Latest Diet & Weight Management News
WEDNESDAY, Jan. 6, 2016 (HealthDay News) -- While most people who undergo a type of weight-loss surgery say their well-being has improved, high rates of side effects and hospitalization are also reported, a new study finds.
Roux-en-Y gastric bypass surgery reduces the size of the stomach to a small pouch. This pouch is then attached directly to the small intestine, which affects how the digestive tract absorbs food, according to the U.S. National Institute of Diabetes and Digestive and Kidney Diseases.
Surveys completed by more than 1,400 people in Denmark who underwent Roux-en-Y surgery between 2006 and 2011 showed that only 7 percent reported reduced well-being after their procedure.
Sixty-eight percent of the patients sought health care due to their symptoms. The most common reasons for seeking health care were abdominal pain (34 percent), fatigue (34 percent), anemia (28 percent) and gallstones (16 percent), the study authors said.
Patients most likely to have symptoms after surgery were women, smokers, those younger than 35, those who were unemployed and those with symptoms before surgery. The more symptoms patients had, the lower their quality of life.
The study was published online Jan. 6 in the journal JAMA Surgery.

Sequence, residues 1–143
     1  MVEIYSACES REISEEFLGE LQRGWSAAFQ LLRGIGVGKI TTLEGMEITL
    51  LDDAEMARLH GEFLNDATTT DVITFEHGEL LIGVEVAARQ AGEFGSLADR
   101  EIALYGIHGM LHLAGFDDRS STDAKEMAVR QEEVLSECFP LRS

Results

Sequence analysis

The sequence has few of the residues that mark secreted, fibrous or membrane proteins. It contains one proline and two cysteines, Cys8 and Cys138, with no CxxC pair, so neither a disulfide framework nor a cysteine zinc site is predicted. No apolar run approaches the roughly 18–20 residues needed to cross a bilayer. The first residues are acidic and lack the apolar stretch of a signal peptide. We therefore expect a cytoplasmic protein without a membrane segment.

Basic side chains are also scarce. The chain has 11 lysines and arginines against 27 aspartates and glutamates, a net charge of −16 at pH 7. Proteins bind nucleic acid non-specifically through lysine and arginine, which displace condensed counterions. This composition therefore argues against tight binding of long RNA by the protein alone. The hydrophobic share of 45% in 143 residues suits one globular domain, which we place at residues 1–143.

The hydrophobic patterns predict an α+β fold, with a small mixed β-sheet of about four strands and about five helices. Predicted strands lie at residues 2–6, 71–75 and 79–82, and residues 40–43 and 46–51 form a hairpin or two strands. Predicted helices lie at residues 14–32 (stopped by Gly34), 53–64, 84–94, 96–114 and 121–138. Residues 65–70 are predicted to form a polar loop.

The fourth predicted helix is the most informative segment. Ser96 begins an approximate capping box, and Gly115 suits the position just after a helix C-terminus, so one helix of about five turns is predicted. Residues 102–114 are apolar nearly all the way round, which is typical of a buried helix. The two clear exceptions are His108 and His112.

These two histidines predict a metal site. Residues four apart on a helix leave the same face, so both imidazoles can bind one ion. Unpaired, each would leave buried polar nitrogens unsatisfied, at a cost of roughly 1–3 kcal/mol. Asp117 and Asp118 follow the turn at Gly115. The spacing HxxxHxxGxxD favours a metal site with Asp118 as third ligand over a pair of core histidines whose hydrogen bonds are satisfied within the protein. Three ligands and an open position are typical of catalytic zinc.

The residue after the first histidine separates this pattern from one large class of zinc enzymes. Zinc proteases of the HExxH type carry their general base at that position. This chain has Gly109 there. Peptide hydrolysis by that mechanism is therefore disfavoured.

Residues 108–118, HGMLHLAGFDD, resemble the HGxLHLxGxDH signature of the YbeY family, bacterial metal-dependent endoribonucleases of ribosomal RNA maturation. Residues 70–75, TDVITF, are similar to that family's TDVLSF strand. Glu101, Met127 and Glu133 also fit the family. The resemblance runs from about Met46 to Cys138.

"Focus on the [quality of life] among patients with many symptoms may be required since such patients are at risk of depression. Development of new weight-loss treatments with less risk of subsequent symptoms should be a high priority," study leader Dr. Sigrid Bjerge Gribsholt, from Aarhus University Hospital in Denmark, and colleagues wrote.
But one U.S. expert noted there were some caveats to the finding.
The patients were not compared against a control group, said Dr. Mitchell Roslin, chief of obesity surgery at Lenox Hill Hospital in New York City.
Roslin also said that newer types of weight-loss surgery are being used more often, and these are "procedures that will provide better long-term results" than Roux-en-Y.
-- Robert Preidt
Copyright © 2016 HealthDay. All rights reserved.
SOURCES: Mitchell Roslin, M.D., chief, obesity surgery, Lenox Hill Hospital, New York City; JAMA Surgery, news release, Jan. 6, 2016